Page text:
There are about 6,500 spoken languages in the world. Cultures even have different gestures, like peace signs, that are unique to them. Is there any form of communication in the world that everyone can understand – across languages & cultures? 


Anthropologist Dr. Paul Ekman says yes – facial expressions! He traveled the world studying emotions in other cultures and found that there are seven human facial expressions called microexpressions that are universally understood – happiness, sadness, anger, disgust, contempt, fear, & surprise.


After even more study, Dr. Ekman found that when we experience emotions, we can’t help but display them on our faces, even for a fraction of a second. These glimpses into what we’re truly feeling are called microexpressions. Our brain is so linked to these muscle movements that we can make ourselves feel these emotions by performing the right expressions 

Headshot of Anthropologist Dr. Paul Ekman

Let’s make some faces!  

You will need: 

  • A mirror 
  • Yourself
  • Optional: A partner who you live with or can connect with via video call!

How to practice recognizing microexpressions:

Woman face with neutral expression

Relax your face.

Observe what you look like with no expression – this is your “neutral” face. Note how your muscles feel.

Woman face showing happiness with smile


Smile! Look at your eyes – are your eyelids narrowed? Real smiles combine the contraction of the zygomaticus major at your mouth and the orbicularis oculi at your eyes.


Try to think of a joke and see if your expression changes!  

Woman face showing sadness


Turn your lips down into a frown. Raise your cheeks as high as you can. This part is tricky – see if you can turn the inner corners of your eyebrows upwards.


Notice how your face feels – there’s a lot of tension in a sad face. Do you feel any emotions? 

Woman face showing anger


Tightened eyelids, eyebrows lowered and drawn together, and lips pressed together are displays of anger. In more intense expressions of anger, the jaw comes forward.  

Woman face showing disgust


Think of a nasty smell – what does your face do? Wrinkle your nose, bring your eyebrows down and together, and make your upper lip into an upside down “U” shape.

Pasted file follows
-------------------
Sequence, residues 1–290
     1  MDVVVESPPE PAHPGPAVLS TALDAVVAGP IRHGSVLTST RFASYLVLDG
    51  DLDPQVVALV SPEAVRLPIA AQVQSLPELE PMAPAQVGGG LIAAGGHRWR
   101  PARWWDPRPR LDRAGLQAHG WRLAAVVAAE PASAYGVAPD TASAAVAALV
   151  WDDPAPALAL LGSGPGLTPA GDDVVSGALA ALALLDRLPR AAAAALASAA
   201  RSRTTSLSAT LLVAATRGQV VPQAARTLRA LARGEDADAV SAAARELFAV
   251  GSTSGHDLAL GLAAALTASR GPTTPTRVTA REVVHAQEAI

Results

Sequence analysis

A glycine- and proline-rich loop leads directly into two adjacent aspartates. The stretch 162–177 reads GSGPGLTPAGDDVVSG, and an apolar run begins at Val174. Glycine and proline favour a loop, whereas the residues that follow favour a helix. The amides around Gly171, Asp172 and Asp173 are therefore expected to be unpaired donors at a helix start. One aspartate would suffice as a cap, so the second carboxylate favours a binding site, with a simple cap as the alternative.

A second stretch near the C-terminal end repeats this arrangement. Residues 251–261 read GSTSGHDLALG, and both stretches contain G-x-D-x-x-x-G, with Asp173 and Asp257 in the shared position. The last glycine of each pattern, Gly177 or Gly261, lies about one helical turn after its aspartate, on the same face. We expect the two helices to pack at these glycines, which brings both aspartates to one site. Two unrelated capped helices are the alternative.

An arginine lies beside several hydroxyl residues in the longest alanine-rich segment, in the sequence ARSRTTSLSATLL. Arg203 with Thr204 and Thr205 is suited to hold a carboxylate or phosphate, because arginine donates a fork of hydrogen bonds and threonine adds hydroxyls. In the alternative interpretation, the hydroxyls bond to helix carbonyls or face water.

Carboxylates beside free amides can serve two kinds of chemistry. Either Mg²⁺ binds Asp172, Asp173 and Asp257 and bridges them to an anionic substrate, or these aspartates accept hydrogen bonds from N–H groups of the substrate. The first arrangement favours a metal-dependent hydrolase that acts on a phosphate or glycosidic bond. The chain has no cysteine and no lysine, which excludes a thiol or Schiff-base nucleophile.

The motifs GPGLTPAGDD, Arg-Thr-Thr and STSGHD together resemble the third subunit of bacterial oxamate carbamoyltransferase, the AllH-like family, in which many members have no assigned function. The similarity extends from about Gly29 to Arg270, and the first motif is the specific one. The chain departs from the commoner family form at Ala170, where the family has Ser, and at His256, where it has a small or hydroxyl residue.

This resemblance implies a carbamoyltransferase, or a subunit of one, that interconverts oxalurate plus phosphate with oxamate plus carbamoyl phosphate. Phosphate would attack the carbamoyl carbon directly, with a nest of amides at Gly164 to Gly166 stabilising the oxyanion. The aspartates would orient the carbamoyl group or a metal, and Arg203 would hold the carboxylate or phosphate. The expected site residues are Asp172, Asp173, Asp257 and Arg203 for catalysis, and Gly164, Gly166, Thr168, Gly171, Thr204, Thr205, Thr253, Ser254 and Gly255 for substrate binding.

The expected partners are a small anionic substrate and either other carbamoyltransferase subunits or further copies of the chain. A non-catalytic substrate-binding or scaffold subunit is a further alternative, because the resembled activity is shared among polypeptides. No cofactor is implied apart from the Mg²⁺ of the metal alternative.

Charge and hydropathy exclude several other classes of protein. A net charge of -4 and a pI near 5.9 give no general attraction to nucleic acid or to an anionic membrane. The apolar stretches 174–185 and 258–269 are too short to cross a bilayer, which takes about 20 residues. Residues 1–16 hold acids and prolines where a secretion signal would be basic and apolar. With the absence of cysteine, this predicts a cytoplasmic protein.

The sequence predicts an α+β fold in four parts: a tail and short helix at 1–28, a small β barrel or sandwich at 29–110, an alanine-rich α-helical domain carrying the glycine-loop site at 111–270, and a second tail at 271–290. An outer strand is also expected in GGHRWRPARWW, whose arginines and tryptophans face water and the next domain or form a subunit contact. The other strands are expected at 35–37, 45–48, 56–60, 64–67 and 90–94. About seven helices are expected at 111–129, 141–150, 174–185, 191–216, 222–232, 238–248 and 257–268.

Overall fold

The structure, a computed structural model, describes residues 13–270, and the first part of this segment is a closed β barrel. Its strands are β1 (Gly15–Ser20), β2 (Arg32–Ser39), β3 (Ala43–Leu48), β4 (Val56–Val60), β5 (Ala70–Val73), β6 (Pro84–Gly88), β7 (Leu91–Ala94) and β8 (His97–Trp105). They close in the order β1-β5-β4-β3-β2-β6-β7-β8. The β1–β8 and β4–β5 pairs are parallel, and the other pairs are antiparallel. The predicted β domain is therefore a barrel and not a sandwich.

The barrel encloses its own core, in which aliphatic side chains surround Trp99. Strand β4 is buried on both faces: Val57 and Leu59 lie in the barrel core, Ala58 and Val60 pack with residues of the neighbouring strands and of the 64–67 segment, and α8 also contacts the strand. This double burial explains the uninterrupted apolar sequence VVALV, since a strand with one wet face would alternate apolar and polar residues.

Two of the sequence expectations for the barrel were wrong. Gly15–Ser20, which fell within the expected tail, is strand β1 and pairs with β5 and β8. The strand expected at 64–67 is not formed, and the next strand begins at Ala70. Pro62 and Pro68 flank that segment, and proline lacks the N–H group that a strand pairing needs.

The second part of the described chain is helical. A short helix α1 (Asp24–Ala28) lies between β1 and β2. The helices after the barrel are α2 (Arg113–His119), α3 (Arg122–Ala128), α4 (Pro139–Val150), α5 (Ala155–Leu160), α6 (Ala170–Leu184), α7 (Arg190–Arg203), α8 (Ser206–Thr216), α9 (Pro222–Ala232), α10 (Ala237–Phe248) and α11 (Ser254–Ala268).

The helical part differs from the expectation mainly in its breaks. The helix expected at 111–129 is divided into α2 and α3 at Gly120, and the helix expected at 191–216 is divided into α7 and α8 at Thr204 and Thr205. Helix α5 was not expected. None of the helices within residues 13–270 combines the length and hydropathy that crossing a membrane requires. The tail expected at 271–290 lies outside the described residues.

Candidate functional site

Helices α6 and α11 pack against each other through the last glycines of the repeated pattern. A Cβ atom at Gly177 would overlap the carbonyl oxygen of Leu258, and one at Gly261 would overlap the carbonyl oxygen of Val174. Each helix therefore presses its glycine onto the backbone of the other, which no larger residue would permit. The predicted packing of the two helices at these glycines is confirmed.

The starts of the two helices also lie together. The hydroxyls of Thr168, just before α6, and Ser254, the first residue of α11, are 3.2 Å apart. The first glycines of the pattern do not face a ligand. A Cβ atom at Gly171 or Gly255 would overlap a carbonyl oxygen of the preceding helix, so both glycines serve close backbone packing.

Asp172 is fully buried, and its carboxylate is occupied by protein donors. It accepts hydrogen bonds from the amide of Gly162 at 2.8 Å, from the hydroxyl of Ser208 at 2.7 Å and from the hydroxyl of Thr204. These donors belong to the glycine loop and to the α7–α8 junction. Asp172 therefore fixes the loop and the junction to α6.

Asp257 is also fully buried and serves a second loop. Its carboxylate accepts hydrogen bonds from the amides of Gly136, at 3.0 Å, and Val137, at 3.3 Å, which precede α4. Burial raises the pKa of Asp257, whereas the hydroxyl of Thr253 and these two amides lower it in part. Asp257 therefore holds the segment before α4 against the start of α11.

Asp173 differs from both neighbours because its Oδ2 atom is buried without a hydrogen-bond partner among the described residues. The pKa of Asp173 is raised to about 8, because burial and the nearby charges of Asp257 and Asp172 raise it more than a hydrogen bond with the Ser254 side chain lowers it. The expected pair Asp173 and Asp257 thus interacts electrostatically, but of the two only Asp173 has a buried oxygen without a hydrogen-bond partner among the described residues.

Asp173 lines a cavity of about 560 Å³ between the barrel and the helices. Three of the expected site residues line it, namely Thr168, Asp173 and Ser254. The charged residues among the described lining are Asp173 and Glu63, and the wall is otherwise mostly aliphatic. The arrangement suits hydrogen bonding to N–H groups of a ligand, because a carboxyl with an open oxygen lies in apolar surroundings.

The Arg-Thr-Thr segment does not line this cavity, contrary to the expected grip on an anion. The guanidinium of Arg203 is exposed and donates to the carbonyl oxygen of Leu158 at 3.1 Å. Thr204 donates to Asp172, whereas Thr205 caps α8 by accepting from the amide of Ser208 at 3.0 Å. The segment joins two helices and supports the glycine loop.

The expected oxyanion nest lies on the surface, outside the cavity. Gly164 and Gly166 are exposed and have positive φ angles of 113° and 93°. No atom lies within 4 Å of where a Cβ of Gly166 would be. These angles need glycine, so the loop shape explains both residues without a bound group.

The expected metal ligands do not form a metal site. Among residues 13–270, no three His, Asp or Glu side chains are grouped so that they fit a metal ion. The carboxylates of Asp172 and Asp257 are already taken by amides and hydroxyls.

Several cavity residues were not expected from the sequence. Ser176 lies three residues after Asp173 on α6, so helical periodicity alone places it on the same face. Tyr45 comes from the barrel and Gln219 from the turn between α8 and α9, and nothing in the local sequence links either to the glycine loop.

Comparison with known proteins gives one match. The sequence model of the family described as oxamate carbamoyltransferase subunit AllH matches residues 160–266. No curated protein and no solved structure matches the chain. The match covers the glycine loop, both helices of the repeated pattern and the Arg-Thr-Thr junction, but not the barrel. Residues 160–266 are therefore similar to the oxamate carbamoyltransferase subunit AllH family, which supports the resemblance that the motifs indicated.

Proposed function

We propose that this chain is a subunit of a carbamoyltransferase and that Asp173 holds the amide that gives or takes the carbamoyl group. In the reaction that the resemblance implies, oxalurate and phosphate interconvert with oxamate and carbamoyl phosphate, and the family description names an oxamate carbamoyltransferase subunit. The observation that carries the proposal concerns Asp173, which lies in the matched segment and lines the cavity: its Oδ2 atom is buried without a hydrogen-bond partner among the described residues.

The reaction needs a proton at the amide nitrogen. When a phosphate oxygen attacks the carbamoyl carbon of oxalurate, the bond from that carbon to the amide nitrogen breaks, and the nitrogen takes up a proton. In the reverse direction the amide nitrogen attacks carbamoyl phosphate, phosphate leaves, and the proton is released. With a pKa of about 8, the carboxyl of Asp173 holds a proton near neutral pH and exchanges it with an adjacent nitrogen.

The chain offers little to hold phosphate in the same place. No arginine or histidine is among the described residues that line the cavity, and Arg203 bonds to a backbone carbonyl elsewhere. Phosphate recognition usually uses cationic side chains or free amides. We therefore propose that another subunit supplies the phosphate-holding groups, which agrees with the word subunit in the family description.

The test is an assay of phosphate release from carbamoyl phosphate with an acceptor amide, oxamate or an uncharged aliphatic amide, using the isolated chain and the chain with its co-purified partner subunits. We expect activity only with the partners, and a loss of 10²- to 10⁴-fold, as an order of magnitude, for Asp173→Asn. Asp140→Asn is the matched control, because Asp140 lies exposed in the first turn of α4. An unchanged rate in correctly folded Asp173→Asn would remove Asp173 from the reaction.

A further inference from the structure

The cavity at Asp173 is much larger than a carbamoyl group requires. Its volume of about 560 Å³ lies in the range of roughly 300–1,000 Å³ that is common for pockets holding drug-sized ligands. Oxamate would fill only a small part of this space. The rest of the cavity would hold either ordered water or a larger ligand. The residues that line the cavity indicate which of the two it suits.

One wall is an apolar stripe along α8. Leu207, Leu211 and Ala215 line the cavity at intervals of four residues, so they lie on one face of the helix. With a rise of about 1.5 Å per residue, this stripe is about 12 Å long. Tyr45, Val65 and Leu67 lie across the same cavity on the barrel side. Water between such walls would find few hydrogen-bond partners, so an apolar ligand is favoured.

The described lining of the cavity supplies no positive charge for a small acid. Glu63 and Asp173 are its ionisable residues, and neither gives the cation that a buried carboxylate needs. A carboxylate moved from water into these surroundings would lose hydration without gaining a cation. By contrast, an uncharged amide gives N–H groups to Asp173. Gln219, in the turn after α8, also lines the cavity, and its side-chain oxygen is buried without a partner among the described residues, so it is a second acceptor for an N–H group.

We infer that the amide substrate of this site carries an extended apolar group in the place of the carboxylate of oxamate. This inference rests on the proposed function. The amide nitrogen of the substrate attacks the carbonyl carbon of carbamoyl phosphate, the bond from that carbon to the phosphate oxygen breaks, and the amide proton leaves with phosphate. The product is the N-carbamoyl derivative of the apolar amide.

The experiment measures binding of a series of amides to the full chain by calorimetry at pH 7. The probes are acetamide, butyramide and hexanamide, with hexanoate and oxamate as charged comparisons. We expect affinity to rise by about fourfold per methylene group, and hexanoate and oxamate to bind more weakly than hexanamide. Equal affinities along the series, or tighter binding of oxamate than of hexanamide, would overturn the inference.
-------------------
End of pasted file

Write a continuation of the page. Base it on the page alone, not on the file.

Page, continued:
Woman face showing contempt


Contempt means thinking that someone is beneath you. It’s not a nice emotion. Raise one corner of your lips and try to look overconfident.


Notice that this is the only emotion displayed unilaterally – on one side of the face only.

Woman face showing fear


Think about being scared – open your eyes wide and tense your lower eyelids. Raise your eyebrows and bring them together. Try to pull the corners of your mouth backward, towards your ears.  

Woman face showing surprise


This expression is very similar to fear – think about being startled! What does your face look like when a balloon pops? There should be less tension in your eyebrows – raise them, but don’t bring them together. Relax your lower eyelids, but keep your eyes wide.


Do you look surprised?  

What did you feel making these expressions? Did you notice any emotions beginning to form? Did any memories surface while you made the faces? Our brains’ emotion centers are very connected with the muscles in our face.  


So what’s the point? 

Dr. Ekman coded each facial muscle movement’s actions into a computer program. His program has been used by law enforcement to help catch criminals, healthcare professionals to better understand their patients, even poker players looking to up their game by reading microexpressions of their competitors! Some actors even study Dr. Ekman’s work to help them portray emotions more truthfully.  


Now that you’ve learned about the muscle movements that create these expressions, you can recognize them better in yourself and other people.  


Want to learn more? 

Check out to learn more about microexpression research!